Country has bulk, beer and babes

July 27, 2004|by TIM ROWLAND

All rightie, it's my favorite time of year. Well, perhaps not more favorite than Christmas, fall leaf season, Easter, tax-refund time, the Super Bowl, the first day of school and the time when the dogwood and redbud are in bloom at the same time. But other than that, it is my favorite time of year.

Yes, it's that time of year again when the national obesity statistics come out and, like at the Oscars, I always get real tingly when they slit open the envelope.

And the Tri-State area got some great news when West Virginia won the crown as the most obese state in the nation.

According to The Washington Post, "For most states, the obesity rate is over 20 percent. For 2002, the latest available period, the District of Columbia had an obesity rate of 21 percent; Virginia rated a portly 24 percent; and Maryland ranked among the more svelte states, with 19 percent of its residents obese. The stoutest state in the union, according to the study, was West Virginia, with an obesity rate of 28 percent."


Stoutest. I like that. It's better than "pudgy," portly" or "sloppy fat." Or obese. Personally, I think I would prefer to be called "a gentleman of ample carriage."

But good for West Virginia. They don't call it the Mountain State for nothing. Of course, anytime you come out with a set of facts and figures, people will always try to analyze them.

For example, upon learning of West Virginia's new title, a friend asked, "Does this mean that roadkill is fattening?" (As you are preparing my noose, please keep in mind that this was not my joke. I realize this is a lame excuse along the lines of "The check is in the mail" or "Sandy Berger stole my homework," but it is the truth.)

By contrast, people will look at the "thinnest" state - Colorado - and ask its secret. Turns out - and this is pretty shocking - its residents exercise a lot.

From the Post: "In some places, people gather around the water cooler and talk about the play they saw the night before, or a new TV show," notes Ned Colange, the state's chief medical officer. "In Colorado, the talk is more likely to be somebody's new personal best for the 5K (run), or the snow conditions at the ski areas."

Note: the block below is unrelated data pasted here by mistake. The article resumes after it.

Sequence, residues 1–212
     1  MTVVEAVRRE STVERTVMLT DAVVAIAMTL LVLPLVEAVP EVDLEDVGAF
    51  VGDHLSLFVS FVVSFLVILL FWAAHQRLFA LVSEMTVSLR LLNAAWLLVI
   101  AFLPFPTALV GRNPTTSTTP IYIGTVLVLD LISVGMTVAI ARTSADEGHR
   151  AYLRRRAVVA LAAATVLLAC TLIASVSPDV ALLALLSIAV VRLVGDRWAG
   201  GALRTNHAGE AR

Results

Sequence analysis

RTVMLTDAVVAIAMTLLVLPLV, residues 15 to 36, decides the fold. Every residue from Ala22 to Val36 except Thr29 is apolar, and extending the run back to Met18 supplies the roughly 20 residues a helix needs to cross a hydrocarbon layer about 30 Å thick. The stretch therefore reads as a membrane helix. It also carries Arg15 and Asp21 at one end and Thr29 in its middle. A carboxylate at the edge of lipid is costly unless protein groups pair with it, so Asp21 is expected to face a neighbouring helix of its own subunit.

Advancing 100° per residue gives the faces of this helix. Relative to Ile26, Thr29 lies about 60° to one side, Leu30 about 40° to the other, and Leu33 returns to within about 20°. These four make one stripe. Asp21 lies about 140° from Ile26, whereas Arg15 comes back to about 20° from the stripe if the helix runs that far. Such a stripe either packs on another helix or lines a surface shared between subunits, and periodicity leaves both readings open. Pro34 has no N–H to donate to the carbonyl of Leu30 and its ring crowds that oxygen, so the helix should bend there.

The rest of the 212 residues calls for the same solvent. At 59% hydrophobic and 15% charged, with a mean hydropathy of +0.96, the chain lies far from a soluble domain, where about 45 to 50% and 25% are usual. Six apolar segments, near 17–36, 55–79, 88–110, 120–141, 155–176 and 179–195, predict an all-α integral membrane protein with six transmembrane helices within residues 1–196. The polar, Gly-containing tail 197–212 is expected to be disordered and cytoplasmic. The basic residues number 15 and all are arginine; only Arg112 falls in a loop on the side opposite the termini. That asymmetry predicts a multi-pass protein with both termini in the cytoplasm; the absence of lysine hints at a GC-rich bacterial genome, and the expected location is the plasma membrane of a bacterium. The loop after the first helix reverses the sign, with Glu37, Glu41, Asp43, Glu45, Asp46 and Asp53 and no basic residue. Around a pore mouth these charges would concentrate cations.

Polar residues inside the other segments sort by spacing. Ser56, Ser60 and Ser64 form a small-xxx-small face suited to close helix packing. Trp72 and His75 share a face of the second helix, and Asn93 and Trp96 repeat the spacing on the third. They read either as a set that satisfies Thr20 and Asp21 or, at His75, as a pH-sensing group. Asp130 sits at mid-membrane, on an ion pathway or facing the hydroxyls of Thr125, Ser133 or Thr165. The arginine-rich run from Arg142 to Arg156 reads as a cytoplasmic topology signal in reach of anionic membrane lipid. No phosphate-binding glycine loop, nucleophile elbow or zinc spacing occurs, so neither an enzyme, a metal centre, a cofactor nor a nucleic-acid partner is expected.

Wait a minute, hold dafone. Why has no one informed us before now that exercise leads to weight loss? No way it can be that simple. Must be something more, such as the fact that Colorado is home to a lot of honey-blond snow bunnies and Coors beer.

Or maybe not. It has come to my attention that this formula has not worked in the former Czechoslovakia.

I always kind of assumed that America was the only country obsessed with obesity, but this is not the case. Thanks to Al Gore and the Internet, we have this little item brought to us from a Czech radio news report:

"The Czech Republic has always enjoyed a good reputation thanks to its beautiful women and its delicious brew. But if Czechs continue to live the comfortable lifestyle they adopted after the fall of the totalitarian regime, they may soon make headlines for a different reason - representing the fattest nation in Europe."

Obviously, my first observation would be this: If you have most excellent babes and beer, who cares? Like obesity is going to be a burning issue with anybody if every other woman you see on the street is Catherine Zeta Jones with a pitcher. One sentence I've never once heard a guy utter is: "I wouldn't mind overeating, it's just that I don't want all the beautiful women and cold beer that go along with it."

Not even in West Virginia.

Tim Rowland is a Herald-Mail columnist.

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